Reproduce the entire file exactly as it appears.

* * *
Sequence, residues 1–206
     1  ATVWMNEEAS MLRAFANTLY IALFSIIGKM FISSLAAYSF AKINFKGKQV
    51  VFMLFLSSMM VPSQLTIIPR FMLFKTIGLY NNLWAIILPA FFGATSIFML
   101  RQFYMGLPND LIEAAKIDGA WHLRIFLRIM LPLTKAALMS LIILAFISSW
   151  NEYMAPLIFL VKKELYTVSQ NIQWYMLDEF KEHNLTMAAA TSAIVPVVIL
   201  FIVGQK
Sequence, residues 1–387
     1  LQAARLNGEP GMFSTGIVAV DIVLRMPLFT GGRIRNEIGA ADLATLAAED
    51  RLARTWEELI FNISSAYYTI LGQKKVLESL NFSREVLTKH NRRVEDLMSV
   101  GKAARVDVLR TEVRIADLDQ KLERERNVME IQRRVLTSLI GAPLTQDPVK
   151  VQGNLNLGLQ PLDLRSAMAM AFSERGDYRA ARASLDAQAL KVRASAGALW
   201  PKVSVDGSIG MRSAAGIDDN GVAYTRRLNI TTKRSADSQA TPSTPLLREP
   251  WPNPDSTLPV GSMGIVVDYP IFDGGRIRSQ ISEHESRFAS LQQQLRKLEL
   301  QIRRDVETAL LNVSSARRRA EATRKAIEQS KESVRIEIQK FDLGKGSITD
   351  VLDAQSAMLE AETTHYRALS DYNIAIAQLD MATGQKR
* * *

Sequence, residues 1–206
     1  ATVWMNEEAS MLRAFANTLY IALFSIIGKM FISSLAAYSF AKINFKGKQV
    51  VFMLFLSSMM VPSQLTIIPR FMLFKTIGLY NNLWAIILPA FFGATSIFML
   101  RQFYMGLPND LIEAAKIDGA WHLRIFLRIM LPLTKAALMS LIILAFISSW
   151  NEYMAPLIFL VKKELYTVSQ NIQWYMLDEF KEHNLTMAAA TSAIVPVVIL
   201  FIVGQK
Sequence, residues 1–387
     1  LQAARLNGEP GMFSTGIVAV DIVLRMPLFT GGRIRNEIGA ADLATLAAED
    51  RLARTWEELI FNISSAYYTI LGQKKVLESL NFSREVLTKH NRRVEDLMSV
   101  GKAARVDVLR TEVRIADLDQ KLERERNVME IQRRVLTSLI GAPLTQDPVK
   151  VQGNLNLGLQ PLDLRSAMAM AFSERGDYRA ARASLDAQAL KVRASAGALW
   201  PKVSVDGSIG MRSAAGIDDN GVAYTRRLNI TTKRSADSQA TPSTPLLREP
   251  WPNPDSTLPV GSMGIVVDYP IFDGGRIRSQ ISEHESRFAS LQQQLRKLEL
   301  QIRRDVETAL LNVSSARRRA EATRKAIEQS KESVRIEIQK FDLGKGSITD
   351  VLDAQSAMLE AETTHYRALS DYNIAIAQLD MATGQKR